Sarcoidosis is a granulomatous disorder of multiple organs, with lungs and lymphatic systems being the most frequently affected sites of the body. It was first reported in 1877 and has continued to engross both clinicians and scientists since that time. Because sarcoidosis being a diagnosis of exclusion, it demands the physician to rule out all the possible diagnosis. Most of the patients remain asymptomatic and this makes the disease remain unnoticed for a prolonged period. Later after years, the disease could be diagnosed after witnessing the patient being symptomatic or suffering from organ failures. It could affect middle aged people of any sexes, often its clinical features correlate with tuberculosis. On immunological and histopathological examination, it reveals noncaseating granuloma in simple terms. Glucocorticoids remain the standard drug now and then. Further research has to be done to know the exact pathogenesis, early detection and betterment in treatment plan of sarcoidosis. The current review article gives a brief knowledge about etiopathogenesis, Clinical features, upgraded diagnostic methods such as biomarkers detection and the organized treatment plan to treat sarcoidosis.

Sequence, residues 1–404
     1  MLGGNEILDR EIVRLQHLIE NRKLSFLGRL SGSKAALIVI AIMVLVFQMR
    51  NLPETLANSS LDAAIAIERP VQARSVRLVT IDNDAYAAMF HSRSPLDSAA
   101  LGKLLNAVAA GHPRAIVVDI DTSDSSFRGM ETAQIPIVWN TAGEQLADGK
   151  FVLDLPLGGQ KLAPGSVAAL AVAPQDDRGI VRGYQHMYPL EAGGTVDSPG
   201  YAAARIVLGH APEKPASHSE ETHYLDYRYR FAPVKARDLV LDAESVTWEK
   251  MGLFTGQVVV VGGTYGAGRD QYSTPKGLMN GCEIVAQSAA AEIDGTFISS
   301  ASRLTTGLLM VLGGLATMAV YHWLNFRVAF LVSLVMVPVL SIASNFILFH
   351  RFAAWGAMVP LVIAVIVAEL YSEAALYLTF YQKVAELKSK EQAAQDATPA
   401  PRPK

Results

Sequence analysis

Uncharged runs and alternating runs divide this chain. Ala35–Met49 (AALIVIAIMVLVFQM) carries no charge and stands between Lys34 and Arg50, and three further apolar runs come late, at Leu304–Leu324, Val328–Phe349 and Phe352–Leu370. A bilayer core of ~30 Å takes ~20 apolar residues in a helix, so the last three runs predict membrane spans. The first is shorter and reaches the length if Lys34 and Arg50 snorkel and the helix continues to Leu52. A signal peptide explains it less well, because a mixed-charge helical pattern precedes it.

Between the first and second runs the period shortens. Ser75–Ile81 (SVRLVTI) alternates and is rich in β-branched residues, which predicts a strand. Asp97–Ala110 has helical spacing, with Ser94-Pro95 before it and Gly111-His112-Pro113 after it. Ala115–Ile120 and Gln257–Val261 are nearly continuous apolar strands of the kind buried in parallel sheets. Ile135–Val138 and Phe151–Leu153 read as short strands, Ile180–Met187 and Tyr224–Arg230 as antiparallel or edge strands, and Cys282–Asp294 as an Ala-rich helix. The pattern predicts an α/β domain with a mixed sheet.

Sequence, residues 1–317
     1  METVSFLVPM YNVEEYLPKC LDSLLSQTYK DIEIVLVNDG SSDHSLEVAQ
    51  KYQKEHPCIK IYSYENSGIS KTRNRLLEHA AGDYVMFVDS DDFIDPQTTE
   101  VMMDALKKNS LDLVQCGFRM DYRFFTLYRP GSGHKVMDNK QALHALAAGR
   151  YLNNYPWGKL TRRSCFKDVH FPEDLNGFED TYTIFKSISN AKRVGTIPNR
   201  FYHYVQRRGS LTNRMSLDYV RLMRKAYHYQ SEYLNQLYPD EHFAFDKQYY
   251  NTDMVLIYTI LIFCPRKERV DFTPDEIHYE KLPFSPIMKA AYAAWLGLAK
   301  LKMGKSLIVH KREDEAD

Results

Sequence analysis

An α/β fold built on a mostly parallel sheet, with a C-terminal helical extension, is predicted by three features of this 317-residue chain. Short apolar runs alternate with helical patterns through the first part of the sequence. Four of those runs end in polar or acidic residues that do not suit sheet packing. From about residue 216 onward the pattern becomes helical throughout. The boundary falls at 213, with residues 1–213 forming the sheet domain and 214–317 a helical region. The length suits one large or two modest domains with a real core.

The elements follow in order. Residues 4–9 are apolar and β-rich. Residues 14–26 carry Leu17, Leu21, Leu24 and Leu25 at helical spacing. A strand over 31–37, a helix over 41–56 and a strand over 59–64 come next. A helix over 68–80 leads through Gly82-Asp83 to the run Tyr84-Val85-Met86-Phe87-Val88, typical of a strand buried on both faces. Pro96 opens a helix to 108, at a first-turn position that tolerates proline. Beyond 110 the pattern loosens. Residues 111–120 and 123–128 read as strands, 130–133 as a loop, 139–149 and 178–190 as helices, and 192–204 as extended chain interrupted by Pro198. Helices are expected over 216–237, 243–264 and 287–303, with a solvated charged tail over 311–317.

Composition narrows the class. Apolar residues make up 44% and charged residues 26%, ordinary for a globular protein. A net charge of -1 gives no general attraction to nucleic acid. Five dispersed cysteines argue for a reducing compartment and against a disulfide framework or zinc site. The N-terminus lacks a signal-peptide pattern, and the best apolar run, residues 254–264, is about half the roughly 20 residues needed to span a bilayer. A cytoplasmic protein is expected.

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Noneruption of teeth in amelogenesis imperfecta: A report of two cases and review p. 254
Jaygopal G Ray, Sayani Dutta, Snehanjan Sarangi, Priyanka Yadav
Amelogenesis imperfecta (AI) comprises a complicated group of conditions, involving a structural defect of the tooth enamel, owing to certain genetic disturbances. It is expressed as an autosomal dominant, autosomal recessive or X-linked recessive trait. The structural pattern and clinical appearances of all the teeth, including those in the deciduous as well as the permanent dentition, are affected. It may be differentiated into three main divisions such as hypoplastic, hypocalcific and hypomaturative patterns. Eruption of tooth refers to a complex coordinated physiological process characterized by the movement of a tooth from its initial developmental position within the jaws to its final functional position in the occlusal plane, dictated crucially by dental follicle, bony remodeling metabolic alteration and molecular determinants. Alteration involving any one of the factors might cause hindrances. Herein, we report two cases with AI associated with noneruption.